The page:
Link: X Window System Basics
Link: USB, Thunderbolt, Displayport & docks
USB, Thunderbolt, Displayport & docks (via, also) is a high density 'overview' of the technology of all of these things, or at least the technology of the connectors and connections involved. Since it gets down to the level of the number of lines and lanes (and their speed) involved in USB signaling and so on, it's an overview only from a certain perspective.
Although I read it through once and absorbed some things, I think of it more as a reference work that I can consult for fairly low level details if and when I need to understand some aspect of the entire USB mess (and it is a mess) at some depth. There is certainly a lot there.
Link: The MGR Window System
The MGR Window System (via) is a brief introduction to MGR, an interesting and under-mentioned Unix windowing system, including a screenshot. I once used MGR myself and have reasonably fond memories of it, so it's nice to see more writing about it on the Internet.
(And looking at my old entry I see that I linked to this article there in HTTP version. Still, I encourage you to read about MGR. It's a path not taken in Unix window systems.)
Link: An opinionated list of best practices for textual websites
An opinionated list of best practices for textual websites by Rohan Kumar is what it says in the subject. I'm not sure I agree with everything in it (and I certainly don't do everything there), but I think it has useful information and it's certainly given me things to think about.
(Since this entire blog is a textual website, I have a decided interest in this area and some opinions of my own.)
Link: Histograms in Grafana (a howto)
Histogram evolution: visualize how a distribution of values changes over time (via) has the article URL slug of 'grafana histogram howto', and the slug is quite accurate. It's a step by step walkthrough of how to do this for a native Prometheus counter histogram metric, which most of them are. It includes copious screenshots, which is especially useful since you have to do all of this through Grafana's GUI and describing GUI actions in text is not necessarily ideal. I've slogged through heatmaps and histograms in Prometheus and Grafana, and this article still taught me something quite useful that I hadn't realized (the 'exclude zeros' setting; I agree with the author that this should be the Grafana default).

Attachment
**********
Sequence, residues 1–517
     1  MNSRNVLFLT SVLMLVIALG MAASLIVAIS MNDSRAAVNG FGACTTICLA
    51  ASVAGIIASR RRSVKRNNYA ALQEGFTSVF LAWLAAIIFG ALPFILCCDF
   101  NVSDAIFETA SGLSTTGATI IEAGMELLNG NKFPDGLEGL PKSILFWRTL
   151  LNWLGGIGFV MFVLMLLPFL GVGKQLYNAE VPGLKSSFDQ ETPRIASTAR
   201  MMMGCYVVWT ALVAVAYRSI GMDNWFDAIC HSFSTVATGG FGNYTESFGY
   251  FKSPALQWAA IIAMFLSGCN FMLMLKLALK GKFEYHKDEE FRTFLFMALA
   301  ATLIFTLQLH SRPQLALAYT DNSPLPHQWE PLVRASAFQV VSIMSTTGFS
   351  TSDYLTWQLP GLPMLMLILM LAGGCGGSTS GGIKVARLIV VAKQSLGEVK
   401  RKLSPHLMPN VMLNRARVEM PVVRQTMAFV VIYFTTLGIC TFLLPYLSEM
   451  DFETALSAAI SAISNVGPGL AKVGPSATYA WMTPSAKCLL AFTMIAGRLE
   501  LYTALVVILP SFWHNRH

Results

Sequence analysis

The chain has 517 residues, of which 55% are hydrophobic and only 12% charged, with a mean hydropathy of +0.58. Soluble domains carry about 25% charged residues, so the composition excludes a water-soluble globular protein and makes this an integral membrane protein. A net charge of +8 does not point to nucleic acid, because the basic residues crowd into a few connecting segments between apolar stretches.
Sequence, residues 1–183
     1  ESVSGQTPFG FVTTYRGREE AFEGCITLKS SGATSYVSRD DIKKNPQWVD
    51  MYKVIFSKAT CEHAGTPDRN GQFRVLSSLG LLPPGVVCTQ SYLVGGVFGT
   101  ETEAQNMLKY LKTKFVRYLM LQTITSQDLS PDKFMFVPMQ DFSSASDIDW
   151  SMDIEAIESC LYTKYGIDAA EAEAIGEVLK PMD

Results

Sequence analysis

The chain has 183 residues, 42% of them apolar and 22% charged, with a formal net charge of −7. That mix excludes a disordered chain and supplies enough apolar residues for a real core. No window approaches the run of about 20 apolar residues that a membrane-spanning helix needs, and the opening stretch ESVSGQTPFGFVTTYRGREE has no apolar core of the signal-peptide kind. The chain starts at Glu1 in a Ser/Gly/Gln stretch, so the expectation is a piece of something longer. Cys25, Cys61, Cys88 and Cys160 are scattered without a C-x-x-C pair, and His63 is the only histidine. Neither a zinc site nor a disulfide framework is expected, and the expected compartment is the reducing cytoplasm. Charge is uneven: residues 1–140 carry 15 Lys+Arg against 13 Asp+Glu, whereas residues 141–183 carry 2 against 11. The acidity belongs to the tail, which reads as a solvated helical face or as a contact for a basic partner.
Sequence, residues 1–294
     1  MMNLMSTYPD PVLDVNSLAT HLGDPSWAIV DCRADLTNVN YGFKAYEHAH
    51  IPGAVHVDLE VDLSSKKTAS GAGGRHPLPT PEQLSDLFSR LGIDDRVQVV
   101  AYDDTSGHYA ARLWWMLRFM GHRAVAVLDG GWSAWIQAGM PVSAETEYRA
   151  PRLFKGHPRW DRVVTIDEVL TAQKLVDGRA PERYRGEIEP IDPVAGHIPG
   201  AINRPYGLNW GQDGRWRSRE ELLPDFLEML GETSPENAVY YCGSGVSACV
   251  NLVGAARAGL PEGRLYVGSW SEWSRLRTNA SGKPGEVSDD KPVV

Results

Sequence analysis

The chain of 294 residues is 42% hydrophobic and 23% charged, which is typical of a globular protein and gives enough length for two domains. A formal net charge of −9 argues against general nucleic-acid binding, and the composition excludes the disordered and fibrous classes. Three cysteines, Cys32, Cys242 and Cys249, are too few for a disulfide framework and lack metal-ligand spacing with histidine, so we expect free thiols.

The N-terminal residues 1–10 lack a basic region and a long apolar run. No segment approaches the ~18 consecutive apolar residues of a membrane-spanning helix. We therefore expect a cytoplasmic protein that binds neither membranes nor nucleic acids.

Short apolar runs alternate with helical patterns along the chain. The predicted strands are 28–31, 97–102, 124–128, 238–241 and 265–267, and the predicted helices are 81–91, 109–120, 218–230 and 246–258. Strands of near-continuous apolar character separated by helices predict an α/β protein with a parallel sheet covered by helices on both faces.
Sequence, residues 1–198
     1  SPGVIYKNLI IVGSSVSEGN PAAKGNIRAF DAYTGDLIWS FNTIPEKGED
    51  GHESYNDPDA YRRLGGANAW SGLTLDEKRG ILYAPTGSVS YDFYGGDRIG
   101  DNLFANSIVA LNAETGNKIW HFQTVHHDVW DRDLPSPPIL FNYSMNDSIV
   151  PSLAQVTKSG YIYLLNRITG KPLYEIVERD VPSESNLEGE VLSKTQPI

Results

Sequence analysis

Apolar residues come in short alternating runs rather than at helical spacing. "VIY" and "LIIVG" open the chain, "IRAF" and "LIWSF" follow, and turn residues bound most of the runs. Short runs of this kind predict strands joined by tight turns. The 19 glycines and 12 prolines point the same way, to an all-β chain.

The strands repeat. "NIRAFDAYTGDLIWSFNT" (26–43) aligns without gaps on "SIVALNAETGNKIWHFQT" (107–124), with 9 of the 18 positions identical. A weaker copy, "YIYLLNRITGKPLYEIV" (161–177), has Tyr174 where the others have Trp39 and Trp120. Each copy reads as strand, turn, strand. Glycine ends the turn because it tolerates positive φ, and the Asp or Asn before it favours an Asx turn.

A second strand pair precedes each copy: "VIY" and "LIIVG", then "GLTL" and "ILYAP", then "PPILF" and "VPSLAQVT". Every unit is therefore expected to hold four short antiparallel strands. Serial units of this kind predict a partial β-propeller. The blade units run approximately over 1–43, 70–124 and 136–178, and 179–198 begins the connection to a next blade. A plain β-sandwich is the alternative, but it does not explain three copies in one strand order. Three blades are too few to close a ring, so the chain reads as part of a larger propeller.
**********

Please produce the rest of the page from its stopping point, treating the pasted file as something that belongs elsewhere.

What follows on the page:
PS: Contrary to what the article suggests, heatmap legends aren't always useful, at least in current versions of Grafana. I tried putting a legend on some disk IO latency heatmaps that have very small latencies and the result was not all that readable or clear.
Link: Eric Rescorla's "DNS Security, Part II: DNSSEC"
Eric Rescorla's DNS Security, Part II: DNSSEC (via) is a pretty even handed overview of DNSSEC. Rescorla is respected by Thomas Ptacek, even if they disagree (I think) about DNSSEC.
(Rescorla also has a Part I: Basic DNS for people who need that.)
Related to this is Ptacek's fascinating A Brief, Inaccurate History of DNSSEC (via). This goes with Ptacek's Against DNSSEC (from 2015; this debate has been going on for a while).
Link: Examining btrfs, Linux’s perpetually half-finished filesystem
Ars Technica's Examining btrfs, Linux’s perpetually half-finished filesystem (via) is not very positive, as you might expect from the title. I found it a useful current summary of the practical state of btrfs, which is by all accounts still not really ready for use even in its redundancy modes that are considered "ready for production". There's probably nothing new for people who are actively keeping track of btrfs, but now I have something to point to if people ask why we're not and won't be.
"a2d<C-V>3gE: Vim normal mode grammar
"a2d<C-V>3gE: Vim normal mode grammar
presents an interesting way of thinking about how Vim normal mode commands
are structured. It gave me some things to think about and also taught me
a few Vim things I didn't know.
Link: Taking This Serially
j. b. crawford's Taking This Serially (via) is about the history of serial connections and RS-232, including the various connectors used and the complications that ensued with actually connecting things serially. I have a certain amount of history with serial connections, so I found this interesting.
(Also, looking at the article's pinouts for DE9/DB9 serial connectors made me realize something, but that's another blog entry.)
Link: What was the original reason for the design of AT&T assembly syntax?
This quite informative answer to a Stackoverflow question (via) answers the question, or at least provides a great deal of context that I didn't know. It turns out that the reason AT&T syntax puts the destination register second (instead of first, the way Intel syntax does) almost certainly stretches all the way back to how PDP-11s encoded instructions.
(The AT&T assembly syntax, commonly used on Unix systems but not uncommonly disliked (via), is a cross-platform general syntax that AT&T and Unix mostly used on a range of platforms. The specific x86 version of AT&T syntax is yet another adaptation of this general syntax. More information on the difference between AT&T and Intel syntax for x86 can be found on, eg, Wikipedia.)